The Common Mistakes Companies Make With In-House Security
Lack of Proper State Licensing/Registration
When creating an in-house security team, the company must apply for the appropriate state license to have security guards. Using Texas as an example, the Department of Public Safety states, “The security department of a private business may not employ security officers unless the security department provides notice to the Department of Public Safety of the security department’s intent to employ security officers.”
Oftentimes, companies are unaware of this requirement, and therefore never do it! (Realistically, do you think all night clubs with a bouncer that sometimes acts as a security guard have filed their state licensing? No!) Whereas some companies simply think that filing this paperwork is a waste of time. Regardless of the excuse, when an incident (big or small) unfolds, these companies get slapped with a major fine, and sometimes jail-time.
Forgetting to Check if their Guards Have Proper Licensing/Registration
In addition to the company’s registration/licensing, the guards need their own license, too. (The exact license can differ depending on the city, county, and state where the guard is working).
Oftentimes, companies don’t actually check to see if the guard’s licensing and registration is current! (Not to keep throwing bars/nightclubs under the bus, but when their bouncers have to step in as a security guard, they are doing so without training or licensing!) Yet again, this can cause huge fines and potential jail-time.
Not Maintaining Proper Records for Security State Audits
Regardless of the industry, every single security guard must complete a shift report at the end of every shift! The shift report should include information regarding their safety checks/rounds, whether or not anything unusual was seen or heard, and if any kind of incident unfolded on the property. When documenting incidents, any possible information that can be documented, needs to be! (Who was involved, what happened, time of day, location, resolution, etc).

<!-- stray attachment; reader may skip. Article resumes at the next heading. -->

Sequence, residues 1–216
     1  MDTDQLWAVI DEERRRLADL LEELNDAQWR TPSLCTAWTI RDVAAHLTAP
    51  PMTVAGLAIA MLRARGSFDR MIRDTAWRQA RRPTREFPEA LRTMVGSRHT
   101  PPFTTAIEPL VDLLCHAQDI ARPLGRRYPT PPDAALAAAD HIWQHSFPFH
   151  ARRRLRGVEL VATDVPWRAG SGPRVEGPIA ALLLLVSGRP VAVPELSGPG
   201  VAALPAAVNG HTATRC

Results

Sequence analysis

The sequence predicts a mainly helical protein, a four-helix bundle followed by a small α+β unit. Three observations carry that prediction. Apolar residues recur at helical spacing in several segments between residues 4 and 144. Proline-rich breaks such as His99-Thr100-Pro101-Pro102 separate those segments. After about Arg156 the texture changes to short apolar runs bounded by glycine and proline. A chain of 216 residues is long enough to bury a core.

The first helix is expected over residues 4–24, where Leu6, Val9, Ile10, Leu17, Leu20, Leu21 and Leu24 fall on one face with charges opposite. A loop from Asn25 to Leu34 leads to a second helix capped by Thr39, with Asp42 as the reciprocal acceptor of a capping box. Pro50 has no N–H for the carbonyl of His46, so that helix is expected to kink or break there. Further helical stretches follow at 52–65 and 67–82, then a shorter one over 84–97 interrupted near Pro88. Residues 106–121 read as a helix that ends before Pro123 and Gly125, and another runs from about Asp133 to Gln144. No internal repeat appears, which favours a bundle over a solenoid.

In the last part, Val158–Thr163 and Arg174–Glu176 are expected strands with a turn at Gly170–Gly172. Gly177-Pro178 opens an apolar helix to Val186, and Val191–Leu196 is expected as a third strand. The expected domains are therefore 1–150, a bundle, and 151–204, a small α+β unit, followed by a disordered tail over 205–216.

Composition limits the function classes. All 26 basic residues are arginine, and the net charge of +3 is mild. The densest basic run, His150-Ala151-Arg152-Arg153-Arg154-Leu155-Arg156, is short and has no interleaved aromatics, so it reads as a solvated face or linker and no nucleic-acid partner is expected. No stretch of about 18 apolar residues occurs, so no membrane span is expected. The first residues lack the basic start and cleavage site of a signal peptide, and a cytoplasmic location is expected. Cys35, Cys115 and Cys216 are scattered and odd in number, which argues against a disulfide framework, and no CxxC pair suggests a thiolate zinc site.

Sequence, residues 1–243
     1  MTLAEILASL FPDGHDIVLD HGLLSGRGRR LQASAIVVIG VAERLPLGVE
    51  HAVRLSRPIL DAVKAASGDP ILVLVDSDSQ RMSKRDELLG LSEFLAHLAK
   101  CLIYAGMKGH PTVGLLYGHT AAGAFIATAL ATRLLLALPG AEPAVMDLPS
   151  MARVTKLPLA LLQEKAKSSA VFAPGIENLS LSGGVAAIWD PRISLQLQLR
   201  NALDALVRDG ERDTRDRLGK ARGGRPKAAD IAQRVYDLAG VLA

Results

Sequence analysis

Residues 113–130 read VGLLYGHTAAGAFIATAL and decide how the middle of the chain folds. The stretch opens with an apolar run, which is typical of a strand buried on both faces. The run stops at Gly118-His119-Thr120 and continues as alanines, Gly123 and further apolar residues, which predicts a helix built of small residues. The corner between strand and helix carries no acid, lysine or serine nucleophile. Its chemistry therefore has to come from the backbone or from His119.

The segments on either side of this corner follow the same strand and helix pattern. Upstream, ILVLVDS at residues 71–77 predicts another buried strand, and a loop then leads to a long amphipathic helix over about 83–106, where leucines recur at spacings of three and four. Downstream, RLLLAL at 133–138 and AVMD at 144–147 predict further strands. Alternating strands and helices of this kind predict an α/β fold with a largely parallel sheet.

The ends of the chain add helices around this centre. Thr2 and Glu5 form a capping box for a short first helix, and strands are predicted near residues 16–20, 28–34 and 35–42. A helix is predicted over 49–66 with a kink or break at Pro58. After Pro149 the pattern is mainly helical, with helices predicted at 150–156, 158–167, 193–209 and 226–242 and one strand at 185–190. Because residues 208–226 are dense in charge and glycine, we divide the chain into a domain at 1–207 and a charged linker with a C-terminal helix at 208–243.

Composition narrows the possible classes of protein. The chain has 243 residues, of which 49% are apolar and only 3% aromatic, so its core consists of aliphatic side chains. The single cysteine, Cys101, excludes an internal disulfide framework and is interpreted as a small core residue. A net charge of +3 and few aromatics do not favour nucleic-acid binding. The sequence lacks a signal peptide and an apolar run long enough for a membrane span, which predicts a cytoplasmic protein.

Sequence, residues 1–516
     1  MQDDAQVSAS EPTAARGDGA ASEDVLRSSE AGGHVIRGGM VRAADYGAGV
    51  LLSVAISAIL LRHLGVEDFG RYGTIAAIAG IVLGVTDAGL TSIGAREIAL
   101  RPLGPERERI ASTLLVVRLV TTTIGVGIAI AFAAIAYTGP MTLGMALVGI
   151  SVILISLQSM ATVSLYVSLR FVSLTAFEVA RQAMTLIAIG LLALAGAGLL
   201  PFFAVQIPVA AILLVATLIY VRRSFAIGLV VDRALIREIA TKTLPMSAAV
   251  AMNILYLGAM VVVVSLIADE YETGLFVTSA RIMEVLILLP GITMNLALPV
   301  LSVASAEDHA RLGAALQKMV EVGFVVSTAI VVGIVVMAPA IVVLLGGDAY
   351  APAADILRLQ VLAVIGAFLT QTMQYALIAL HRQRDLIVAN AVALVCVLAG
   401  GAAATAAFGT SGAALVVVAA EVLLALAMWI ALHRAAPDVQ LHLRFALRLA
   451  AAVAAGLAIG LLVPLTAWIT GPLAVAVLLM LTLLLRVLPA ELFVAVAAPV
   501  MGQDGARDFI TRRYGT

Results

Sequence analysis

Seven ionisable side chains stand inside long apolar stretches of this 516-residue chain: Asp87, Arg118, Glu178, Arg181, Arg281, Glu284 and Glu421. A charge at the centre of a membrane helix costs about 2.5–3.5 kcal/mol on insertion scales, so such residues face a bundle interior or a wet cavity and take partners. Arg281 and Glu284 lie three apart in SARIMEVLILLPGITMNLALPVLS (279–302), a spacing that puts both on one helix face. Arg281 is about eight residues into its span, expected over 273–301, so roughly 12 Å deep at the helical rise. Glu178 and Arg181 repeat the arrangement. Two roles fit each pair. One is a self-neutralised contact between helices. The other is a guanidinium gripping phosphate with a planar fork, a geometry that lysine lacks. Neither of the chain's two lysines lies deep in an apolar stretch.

Not only is this information helpful for managers (to help solve problems) and potential lawsuits/claims, it is also required by the state! And, the state will randomly choose companies to audit! When a company has poor or nonexistent records, they can get in serious trouble.
Refusing to Mandate, Offer, or encourage Ongoing Training
There are constantly changing rules and regulations along with technology. Security guards should absolutely have ongoing training, and frankly, it shouldn’t be something the guard should have to pay for themselves!
This is definitely a major mistake companies make when they have their own, in-house security! Ongoing training is often viewed as “another cost” or “something to consider next year”. However, the cost of not keeping a security team’s skills sharp can be fatal.
Security Insurance | Or Lack Thereof
All companies that have security guards should have security insurance going beyond basic workers compensation (which is legally required). Security Insurance (also referred to as “umbrella insurance”) can help cover the company in major lawsuits and/or claims.
Now, oftentimes companies think, “Nothing ever happens here! Why would I need the insurance?” Security is complicated, and one slight misstep (which may seem harmless) can lead to a multi-million dollar lawsuit.
When companies with in-house security do not have security insurance and find themselves in a lawsuit, it often bankrupts the company!
Not Consulting with an Independent Security Consulting Firm
For any company that wants to hire their own, in-house security, they should do themselves a favor and consult with an independent security consulting firm! This type of firm is different from a security firm! Security consulting firms do one thing, consult — helping companies make the best decisions, and keep up to date with any new laws.
Poor Planning for Days Off / Vacation Days
It is impossible for one guard to work 24 hours a day, 7 days a week! Unfortunately, companies tend to forget this. Sure, they might hire two guards to cover a full week, but what happens if one gets sick, or needs to use vacation days? Running a security team on a skeleton crew is a major mistake!